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Why are investors rushing into gold?

Why are investors rushing into gold?

The price of gold recently jumped to a 6-year high. According to experts, there are several reasons for the surge, including the likelihood of lower interest rates, a slowing global economy and heightened geopolitical tensions.

This week, gold went over the $1,400-per-ounce, mark, its highest level since May 14, 2013. However, gold is typically seen as a long-term safety net, so the price hike isn’t necessarily a positive indicator. Indeed, investors generally know that it is always good to have gold in one’s portfolio, in case everything else goes wrong! When gold is on the rise, it is often a sign of uncertainty and fear in the market, and that investors are flocking to hedge their bets.

In the world news, the announcement earlier this week by Donald Trump's administration of new U.S. sanctions on Iran has bolstered gold’s appeal as a haven. Similarly, investors are looking to the G20 summit in Osaka this weekend, another possible explanation for the rise in the price of gold. The summit’s schedule includes a highly anticipated meeting between the President of the United States and Chinese President Xi Jinping, at a time when the two countries are in the midst of a trade war.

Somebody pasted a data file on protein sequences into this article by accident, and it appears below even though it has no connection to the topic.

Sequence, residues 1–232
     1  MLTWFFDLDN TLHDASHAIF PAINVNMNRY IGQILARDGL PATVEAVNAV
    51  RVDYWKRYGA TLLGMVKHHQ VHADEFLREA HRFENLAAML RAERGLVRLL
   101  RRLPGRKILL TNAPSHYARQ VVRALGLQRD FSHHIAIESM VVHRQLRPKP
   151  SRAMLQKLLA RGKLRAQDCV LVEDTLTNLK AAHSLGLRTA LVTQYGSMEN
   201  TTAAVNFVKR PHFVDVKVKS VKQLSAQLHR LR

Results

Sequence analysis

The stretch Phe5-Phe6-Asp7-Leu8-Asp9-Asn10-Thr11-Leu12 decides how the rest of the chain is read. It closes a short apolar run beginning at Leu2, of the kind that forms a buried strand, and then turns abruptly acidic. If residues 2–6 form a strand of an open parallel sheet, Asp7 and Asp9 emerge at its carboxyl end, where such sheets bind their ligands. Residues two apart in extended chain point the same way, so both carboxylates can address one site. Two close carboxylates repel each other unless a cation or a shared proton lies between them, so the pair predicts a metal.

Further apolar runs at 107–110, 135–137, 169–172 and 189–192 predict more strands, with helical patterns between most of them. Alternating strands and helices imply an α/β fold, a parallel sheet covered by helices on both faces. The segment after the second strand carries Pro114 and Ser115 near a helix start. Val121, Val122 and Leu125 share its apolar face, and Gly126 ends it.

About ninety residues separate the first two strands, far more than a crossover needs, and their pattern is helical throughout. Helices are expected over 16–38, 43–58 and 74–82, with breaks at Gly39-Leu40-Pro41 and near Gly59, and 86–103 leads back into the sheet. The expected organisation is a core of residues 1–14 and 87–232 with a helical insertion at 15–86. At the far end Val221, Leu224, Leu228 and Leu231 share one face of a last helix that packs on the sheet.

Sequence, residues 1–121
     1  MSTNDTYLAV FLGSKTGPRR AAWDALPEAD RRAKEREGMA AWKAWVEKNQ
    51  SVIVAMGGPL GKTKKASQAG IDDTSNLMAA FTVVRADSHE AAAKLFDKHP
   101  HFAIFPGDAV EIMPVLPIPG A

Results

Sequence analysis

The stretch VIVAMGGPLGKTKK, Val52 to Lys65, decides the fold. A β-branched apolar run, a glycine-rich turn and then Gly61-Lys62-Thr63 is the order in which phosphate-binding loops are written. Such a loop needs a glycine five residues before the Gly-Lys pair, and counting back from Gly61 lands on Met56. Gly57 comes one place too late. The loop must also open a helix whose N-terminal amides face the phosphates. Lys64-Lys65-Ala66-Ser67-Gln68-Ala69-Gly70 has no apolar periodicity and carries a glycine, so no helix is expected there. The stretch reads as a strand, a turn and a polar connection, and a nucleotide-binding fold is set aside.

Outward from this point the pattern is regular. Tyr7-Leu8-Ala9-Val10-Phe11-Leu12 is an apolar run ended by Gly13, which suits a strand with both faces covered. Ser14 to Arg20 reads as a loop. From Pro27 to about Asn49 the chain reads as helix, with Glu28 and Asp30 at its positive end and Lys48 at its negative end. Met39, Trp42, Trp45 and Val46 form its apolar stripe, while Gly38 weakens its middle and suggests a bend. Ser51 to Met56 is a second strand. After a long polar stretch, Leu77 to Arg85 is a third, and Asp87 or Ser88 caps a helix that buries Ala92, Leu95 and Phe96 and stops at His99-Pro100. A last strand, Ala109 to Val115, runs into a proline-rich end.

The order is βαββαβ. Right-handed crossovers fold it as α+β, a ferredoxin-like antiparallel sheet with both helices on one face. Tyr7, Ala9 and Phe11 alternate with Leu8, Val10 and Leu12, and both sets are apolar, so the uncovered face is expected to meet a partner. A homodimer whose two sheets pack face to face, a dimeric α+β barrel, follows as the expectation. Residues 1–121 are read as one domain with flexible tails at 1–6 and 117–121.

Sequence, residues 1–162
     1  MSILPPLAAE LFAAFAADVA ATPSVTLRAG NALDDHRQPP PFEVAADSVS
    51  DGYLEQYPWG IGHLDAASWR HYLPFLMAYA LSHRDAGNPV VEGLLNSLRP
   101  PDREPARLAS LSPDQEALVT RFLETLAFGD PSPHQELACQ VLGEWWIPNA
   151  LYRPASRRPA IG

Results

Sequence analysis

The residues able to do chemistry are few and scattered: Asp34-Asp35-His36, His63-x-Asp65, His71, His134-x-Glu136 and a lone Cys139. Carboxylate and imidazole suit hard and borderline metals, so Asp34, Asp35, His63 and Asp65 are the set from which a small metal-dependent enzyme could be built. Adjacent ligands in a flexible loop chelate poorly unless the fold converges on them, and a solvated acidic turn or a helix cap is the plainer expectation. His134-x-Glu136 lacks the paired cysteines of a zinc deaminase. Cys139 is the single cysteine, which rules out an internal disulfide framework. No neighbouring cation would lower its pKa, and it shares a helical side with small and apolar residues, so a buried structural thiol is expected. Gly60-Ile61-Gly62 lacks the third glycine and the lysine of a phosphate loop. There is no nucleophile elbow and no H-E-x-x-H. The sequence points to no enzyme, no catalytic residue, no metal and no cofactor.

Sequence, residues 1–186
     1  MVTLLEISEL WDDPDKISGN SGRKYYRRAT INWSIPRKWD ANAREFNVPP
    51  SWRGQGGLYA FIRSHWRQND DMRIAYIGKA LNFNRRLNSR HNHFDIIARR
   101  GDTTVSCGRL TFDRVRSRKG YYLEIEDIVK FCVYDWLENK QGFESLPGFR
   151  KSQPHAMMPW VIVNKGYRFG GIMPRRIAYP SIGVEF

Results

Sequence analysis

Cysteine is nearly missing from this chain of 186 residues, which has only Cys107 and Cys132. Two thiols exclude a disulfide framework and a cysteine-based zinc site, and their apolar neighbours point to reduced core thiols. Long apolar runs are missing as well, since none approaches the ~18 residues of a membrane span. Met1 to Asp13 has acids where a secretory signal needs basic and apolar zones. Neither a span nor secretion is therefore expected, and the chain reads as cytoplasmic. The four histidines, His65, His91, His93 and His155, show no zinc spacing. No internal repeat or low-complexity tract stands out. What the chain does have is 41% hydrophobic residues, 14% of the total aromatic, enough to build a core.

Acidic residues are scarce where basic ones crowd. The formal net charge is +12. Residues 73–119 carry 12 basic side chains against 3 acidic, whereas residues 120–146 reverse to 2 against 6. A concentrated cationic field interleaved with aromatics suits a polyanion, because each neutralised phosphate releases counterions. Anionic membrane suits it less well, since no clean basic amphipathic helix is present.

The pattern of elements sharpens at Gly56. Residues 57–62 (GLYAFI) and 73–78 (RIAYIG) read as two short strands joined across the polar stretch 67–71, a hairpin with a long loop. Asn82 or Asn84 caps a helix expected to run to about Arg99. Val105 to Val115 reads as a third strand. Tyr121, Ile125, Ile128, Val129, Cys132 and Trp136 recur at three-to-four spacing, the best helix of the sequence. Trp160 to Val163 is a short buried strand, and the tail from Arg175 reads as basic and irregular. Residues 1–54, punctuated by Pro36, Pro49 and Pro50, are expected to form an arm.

Alongside the geopolitical news, it would seem that a weakening dollar is pushing investors elsewhere and boosting the price of gold, all the more so since the President of the Federal Reserve, Jerome Powell, suggested that the U.S. central bank might drop interest rates. According to the CME Group's FedWatch tool, traders are currently banking on a 100% interest rate cut in July. The Fed (US Federal Reserve) said last week it will "act as appropriate" to maintain the current economic expansion. Gold is seen as a store of value in times of a weakening dollar and economic activity. We are also seeing a new global trend in "de-dollarization" In many countries, central banks have been shedding their U.S. dollar reserves and stepping up gold purchases. Russia's central bank, for example, bought 272 tons of gold last year, in a bid to maintain its sovereignty over the dollar.

Finally, another noteworthy point is that gold is widely considered a zero-beta investment, meaning it generally makes no profit or loss. And in today’s market, with 0% interest rates, investments are also stagnating. In this case, the general consensus is to at least opt for the safest asset, gold, which then doesn’t seem such a bad investment after all.

There are therefore currently many factors favouring a return to safe-haven values, with gold at the top of the list. There are various ways to invest in gold: it can be bought in its physical form (coins or bullion), traders can invest in tracker-style products, such as the Gold Bullion Securities certificate (not hedged against the risk of adverse exchange rates) or investors can bet on gold mining assets (in which case, for risk limitation, it is better to invest via a fund rather than buy shares online).

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Last Update on 04/07/19

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